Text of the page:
● 72% of students improved their Body Mass Index.
Program Long-Term Success  Our programs, which are team-based and teacher-led, transform the way inner-city youth engage in the learning process and experience the world. Our after-school programs blend experiential education with strong social-emotional support by providing students with a safe place and strong peer and coach-mentor relationships. We develop youth’s curiosity to engage in the learning process, keep them active and position them to lead healthy lives, contribute as active members of their community and develop their sense of self-worth and self-efficacy.
Program Success Monitored By  We use a comprehensive system of assessments to measure participant outcomes and effective partnerships. Pre- and Post- Program Youth, Teacher and Parent Surveys measure participants’ development in the areas of academic engagement, self-efficacy, communication skills, personal leadership, health & nutrition, soccer skills, and community belonging. Pre- and Post- Program Social Entrepreneurship Assessments measure our students’ knowledge of financial literacy terminology (loan, interest, profit, revenue and cost), awareness of global issues, and desire to create their own business in the future. Finally, students’ health improvement is gauged using the Progressive Aerobic Cardiovascular Endurance Run (PACER).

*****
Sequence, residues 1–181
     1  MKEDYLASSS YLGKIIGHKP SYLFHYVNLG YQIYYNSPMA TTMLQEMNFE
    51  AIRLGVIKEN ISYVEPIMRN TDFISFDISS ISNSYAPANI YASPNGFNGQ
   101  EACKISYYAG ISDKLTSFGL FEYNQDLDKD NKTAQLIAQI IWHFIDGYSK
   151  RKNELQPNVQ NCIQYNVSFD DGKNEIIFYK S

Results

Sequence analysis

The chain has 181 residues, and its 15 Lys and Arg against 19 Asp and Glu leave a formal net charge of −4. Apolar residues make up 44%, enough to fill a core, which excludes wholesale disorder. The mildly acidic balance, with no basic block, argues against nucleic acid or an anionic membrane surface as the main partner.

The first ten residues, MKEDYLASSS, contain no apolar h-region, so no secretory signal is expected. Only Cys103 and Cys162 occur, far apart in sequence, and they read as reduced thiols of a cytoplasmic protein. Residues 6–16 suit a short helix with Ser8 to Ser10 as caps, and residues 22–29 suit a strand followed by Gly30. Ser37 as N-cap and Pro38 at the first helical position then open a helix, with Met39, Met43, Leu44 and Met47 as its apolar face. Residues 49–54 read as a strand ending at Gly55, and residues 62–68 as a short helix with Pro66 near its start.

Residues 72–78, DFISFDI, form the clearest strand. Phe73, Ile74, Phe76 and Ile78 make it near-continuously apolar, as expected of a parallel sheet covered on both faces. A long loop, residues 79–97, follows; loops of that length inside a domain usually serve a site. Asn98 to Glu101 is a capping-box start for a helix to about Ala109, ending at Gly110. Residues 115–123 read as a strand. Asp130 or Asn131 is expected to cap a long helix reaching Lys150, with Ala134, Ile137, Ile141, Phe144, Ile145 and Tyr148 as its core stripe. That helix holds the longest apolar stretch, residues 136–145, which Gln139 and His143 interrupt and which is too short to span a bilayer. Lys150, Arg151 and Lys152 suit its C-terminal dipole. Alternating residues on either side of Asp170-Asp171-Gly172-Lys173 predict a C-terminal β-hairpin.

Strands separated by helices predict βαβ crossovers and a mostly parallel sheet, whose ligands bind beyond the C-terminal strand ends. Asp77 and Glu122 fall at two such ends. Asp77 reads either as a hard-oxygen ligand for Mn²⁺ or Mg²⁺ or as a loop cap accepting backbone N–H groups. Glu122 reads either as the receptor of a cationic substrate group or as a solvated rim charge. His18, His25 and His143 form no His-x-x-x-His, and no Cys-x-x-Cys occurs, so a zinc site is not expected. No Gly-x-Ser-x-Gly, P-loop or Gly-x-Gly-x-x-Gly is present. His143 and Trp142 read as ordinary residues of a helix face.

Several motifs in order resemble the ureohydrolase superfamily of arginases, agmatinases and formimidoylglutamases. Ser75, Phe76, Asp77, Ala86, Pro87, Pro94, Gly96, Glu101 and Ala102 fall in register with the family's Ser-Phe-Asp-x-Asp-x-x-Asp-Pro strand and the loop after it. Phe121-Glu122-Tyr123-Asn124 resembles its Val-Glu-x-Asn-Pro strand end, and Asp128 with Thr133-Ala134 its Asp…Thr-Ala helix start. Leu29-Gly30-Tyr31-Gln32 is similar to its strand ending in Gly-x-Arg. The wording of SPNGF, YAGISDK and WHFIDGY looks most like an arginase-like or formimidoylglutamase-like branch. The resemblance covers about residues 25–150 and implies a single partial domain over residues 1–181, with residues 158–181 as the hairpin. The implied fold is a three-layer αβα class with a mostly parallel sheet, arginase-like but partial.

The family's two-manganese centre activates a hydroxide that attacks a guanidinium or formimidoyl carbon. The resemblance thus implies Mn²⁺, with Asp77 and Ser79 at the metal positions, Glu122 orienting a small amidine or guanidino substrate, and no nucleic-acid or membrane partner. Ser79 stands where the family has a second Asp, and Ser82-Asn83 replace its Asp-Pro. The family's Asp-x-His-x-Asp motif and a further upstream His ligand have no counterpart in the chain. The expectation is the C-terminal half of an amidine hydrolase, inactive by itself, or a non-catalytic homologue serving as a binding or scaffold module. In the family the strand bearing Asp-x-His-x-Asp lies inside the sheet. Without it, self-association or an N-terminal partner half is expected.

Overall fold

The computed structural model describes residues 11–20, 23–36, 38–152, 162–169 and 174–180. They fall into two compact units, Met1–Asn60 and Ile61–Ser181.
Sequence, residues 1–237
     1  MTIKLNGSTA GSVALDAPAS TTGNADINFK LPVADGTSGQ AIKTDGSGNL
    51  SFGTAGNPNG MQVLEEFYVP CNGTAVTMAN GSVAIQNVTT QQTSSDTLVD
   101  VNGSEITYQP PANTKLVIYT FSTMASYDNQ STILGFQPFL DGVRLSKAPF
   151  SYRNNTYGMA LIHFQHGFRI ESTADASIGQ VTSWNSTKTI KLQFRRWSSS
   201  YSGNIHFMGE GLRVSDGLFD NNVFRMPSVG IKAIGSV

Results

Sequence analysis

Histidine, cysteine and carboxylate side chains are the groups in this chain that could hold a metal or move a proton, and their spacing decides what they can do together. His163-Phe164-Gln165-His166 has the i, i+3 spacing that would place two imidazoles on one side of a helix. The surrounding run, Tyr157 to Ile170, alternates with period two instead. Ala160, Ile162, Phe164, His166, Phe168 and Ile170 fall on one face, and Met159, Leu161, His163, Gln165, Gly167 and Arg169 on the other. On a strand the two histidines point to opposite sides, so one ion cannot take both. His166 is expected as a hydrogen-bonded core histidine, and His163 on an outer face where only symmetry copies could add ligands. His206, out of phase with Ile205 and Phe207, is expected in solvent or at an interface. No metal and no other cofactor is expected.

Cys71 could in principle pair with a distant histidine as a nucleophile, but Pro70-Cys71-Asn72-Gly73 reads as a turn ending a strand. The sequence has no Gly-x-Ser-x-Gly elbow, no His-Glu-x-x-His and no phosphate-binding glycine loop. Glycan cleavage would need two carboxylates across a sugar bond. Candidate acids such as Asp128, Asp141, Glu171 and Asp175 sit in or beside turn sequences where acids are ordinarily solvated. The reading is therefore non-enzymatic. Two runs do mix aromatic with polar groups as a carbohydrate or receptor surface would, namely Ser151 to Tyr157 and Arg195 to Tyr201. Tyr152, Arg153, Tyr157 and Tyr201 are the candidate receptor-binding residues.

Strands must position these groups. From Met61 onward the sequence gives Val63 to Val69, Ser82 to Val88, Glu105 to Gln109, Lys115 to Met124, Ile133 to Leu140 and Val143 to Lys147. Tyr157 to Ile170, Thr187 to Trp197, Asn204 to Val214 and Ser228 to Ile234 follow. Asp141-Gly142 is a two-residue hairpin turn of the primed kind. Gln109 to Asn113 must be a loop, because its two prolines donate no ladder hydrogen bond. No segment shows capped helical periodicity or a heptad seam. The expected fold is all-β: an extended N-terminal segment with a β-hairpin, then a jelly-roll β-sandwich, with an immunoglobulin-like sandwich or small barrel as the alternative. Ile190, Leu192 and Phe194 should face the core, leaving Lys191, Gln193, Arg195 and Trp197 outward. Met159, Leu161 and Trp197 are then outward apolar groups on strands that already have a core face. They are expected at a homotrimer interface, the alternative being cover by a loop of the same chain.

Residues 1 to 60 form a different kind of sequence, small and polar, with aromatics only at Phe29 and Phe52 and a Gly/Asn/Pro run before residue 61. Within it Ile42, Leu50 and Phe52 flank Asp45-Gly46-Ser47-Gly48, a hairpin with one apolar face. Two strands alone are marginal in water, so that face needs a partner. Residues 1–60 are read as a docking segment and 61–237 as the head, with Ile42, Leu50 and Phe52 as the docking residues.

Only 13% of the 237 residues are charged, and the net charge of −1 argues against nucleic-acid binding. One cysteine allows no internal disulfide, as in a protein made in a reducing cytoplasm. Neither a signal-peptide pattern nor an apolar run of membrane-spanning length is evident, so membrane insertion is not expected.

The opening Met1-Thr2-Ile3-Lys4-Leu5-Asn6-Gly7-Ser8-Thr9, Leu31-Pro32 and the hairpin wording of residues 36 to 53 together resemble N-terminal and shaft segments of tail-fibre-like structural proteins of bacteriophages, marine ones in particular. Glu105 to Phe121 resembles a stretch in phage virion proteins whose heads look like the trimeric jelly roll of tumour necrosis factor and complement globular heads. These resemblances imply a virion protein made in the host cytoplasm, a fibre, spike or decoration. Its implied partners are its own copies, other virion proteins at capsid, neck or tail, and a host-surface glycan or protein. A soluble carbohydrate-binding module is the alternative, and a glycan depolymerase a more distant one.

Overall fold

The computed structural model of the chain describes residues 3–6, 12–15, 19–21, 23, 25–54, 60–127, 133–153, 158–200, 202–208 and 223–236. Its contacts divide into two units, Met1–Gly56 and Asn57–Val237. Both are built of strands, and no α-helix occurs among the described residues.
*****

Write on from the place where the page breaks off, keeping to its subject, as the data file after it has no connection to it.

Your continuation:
Examples of Program Success  Please see above for some recent middle school results.

CEO/Executive Director/Board Comments

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Management


CEO/Executive Director Mr. John Maconga
CEO Term Start Sept 2010
CEO Email john@Bostonscores.org
CEO Experience Responsible for overall organizational management and strategic growth, John joined the Scores' staff in September 2010 after serving as Executive Director of the Courageous Sailing Center in Boston for three years and the Executive Director of the Barton Center for Diabetes Education for three years prior to that. As an accomplished, experienced manager and fundraiser, John is focused on deepening Scores’ presence in the Boston community and strengthening the organization’s programmatic foundation. John holds a Law Degree from Boston University, as well as a BA in Economics and Politics from the University of Massachusetts, Amherst.
Co-CEO --
Co-CEO Term Start --
Co-CEO Email --
Co-CEO Experience --

Former CEOs and Terms

Name Start End
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Senior Staff

Name Title Experience/Biography